Planned Parenthood has spent the past 100 years covering up the truth with creative rhetoric, political games like spending $30 million ahead of November’s election, and constantly referring back to their slogan: “Care, no matter what.” The American people are smarter than that, and we know America deserves better than anything Planned Parenthood offers.

    For 100 years, Planned Parenthood has told women they don’t have a voice unless they agree with Planned Parenthood. For 100 years, Planned Parenthood has pressured women into buying their rhetoric and joining their cause. For 100 years, Planned Parenthood has told women that they aren’t strong enough to be mothers and they can’t achieve their goals without abortion and birth control.

    For 100 years, Planned Parenthood has treated women as commodities. For 100 years, Planned Parenthood has exploited women to increase business revenue. For 100 years, Planned Parenthood has treated the children of the women they claim to serve as garbage—often literally throwing their bodies out with the trash.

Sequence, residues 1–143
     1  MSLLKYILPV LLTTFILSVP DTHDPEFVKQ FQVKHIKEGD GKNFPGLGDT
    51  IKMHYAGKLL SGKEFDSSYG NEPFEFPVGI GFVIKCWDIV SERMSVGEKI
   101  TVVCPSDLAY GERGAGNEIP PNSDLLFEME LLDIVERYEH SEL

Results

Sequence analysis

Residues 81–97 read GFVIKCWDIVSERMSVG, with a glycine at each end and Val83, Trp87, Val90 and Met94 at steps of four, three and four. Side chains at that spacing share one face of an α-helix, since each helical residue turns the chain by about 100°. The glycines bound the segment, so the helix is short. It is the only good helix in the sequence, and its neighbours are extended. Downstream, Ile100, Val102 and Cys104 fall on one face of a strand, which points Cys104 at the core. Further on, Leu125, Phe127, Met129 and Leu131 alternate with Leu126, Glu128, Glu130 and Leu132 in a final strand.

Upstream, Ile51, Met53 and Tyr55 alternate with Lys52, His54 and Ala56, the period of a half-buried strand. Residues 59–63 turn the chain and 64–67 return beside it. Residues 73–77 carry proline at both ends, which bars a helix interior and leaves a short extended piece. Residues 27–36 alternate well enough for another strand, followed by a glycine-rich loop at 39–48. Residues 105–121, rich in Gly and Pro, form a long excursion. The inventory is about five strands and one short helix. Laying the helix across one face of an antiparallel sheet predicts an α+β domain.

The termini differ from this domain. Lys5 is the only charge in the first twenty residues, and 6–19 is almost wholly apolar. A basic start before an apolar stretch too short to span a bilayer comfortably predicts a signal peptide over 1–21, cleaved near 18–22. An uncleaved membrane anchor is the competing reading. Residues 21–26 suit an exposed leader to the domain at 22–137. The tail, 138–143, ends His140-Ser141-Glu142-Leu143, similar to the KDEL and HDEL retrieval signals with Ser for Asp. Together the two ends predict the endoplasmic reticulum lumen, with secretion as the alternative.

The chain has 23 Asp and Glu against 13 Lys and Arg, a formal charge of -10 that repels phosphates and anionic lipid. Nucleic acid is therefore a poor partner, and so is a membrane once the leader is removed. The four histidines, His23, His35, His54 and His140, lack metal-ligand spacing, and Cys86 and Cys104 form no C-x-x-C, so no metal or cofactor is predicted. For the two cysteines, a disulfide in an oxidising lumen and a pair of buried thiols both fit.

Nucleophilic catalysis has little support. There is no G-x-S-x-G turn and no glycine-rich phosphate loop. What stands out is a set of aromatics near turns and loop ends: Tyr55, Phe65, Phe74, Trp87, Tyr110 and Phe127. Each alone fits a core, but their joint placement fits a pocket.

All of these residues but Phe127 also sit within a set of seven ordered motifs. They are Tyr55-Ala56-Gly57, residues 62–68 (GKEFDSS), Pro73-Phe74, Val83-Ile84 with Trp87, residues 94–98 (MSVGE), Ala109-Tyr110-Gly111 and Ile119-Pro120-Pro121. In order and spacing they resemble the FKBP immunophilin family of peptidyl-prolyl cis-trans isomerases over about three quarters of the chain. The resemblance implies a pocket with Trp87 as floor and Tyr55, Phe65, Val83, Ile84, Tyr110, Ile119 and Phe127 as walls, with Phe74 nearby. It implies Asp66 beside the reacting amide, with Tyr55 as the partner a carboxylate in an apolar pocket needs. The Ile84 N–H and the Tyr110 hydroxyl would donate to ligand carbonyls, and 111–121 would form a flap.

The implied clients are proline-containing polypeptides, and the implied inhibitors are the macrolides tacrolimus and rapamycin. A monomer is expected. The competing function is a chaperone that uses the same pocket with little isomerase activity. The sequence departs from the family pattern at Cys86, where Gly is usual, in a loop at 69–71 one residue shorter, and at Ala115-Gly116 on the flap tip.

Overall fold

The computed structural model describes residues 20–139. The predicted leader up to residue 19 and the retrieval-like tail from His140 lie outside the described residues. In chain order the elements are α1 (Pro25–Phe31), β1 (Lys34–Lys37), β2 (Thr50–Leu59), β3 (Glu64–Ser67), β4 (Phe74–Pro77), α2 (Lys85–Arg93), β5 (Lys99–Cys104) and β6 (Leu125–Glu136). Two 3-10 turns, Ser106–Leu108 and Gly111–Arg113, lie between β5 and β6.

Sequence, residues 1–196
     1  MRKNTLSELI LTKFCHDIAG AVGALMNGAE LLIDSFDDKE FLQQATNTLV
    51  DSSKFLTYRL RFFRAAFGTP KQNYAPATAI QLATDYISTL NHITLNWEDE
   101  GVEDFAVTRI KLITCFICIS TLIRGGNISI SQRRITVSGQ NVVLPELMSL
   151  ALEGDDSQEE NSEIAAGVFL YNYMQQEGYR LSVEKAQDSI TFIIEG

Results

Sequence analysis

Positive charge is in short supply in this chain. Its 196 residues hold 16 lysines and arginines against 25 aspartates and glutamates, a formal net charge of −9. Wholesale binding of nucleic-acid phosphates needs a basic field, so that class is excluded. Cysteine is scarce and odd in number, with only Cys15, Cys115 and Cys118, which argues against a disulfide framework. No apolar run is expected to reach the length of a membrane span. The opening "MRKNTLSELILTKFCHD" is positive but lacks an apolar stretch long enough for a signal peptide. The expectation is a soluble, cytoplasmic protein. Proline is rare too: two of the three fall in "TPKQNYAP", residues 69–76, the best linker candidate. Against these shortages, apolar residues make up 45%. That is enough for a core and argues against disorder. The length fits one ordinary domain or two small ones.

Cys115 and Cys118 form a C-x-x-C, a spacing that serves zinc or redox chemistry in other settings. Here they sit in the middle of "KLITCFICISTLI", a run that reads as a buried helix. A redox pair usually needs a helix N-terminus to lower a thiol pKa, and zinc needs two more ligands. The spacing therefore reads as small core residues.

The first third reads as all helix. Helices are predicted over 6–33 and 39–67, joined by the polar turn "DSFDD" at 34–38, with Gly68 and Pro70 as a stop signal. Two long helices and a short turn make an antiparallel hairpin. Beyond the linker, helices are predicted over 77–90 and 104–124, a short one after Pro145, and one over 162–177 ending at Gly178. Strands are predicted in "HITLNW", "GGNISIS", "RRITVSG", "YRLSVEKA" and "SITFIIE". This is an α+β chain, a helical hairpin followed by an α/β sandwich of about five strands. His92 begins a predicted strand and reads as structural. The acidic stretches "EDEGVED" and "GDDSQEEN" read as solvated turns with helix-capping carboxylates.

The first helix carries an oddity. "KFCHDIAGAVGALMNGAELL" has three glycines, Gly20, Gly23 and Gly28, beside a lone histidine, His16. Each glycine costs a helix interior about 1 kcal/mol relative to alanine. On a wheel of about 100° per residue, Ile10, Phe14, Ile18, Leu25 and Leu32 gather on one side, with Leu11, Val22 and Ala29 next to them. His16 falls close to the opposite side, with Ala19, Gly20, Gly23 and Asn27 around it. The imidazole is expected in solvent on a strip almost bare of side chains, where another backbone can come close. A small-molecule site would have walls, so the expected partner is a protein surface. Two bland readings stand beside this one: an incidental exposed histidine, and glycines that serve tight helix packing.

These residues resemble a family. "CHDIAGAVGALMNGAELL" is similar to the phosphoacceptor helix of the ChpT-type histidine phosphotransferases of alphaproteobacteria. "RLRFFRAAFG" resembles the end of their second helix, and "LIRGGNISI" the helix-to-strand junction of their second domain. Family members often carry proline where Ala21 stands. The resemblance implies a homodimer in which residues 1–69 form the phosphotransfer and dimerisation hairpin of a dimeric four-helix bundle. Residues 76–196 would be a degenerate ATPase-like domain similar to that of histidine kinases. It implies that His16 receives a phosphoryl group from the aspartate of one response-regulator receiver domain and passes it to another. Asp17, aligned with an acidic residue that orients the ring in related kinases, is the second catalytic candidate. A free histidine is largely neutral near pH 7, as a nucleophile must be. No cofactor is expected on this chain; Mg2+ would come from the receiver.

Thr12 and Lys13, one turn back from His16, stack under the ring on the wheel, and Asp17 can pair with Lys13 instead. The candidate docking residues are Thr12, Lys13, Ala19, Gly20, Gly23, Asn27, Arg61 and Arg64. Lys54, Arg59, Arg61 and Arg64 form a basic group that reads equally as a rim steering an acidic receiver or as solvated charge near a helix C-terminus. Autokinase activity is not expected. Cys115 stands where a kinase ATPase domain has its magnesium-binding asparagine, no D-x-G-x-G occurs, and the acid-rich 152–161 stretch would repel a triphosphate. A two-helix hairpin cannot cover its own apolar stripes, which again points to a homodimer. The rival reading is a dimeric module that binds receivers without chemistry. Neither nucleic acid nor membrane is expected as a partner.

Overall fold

• Liberal advocacy groups and the federal government are pushing “social emotional learning” (SEL) standards into schools, and they’re ripe for abuse:

    The problems with SEL are both philosophical and operational. Parents rightly object that the school (which means the government) has no business analyzing and trying to change a child’s psychological makeup. It’s one thing to enforce discipline in a classroom and encourage individual students to do their best; good teachers have done that from time immemorial. It’s quite another to assess students on their compliance with highly subjective behavioral standards that may measure personality and individual or family beliefs more than objective shortcomings in performance. The school exists to assist parents in educating their children, not to replace them in that role.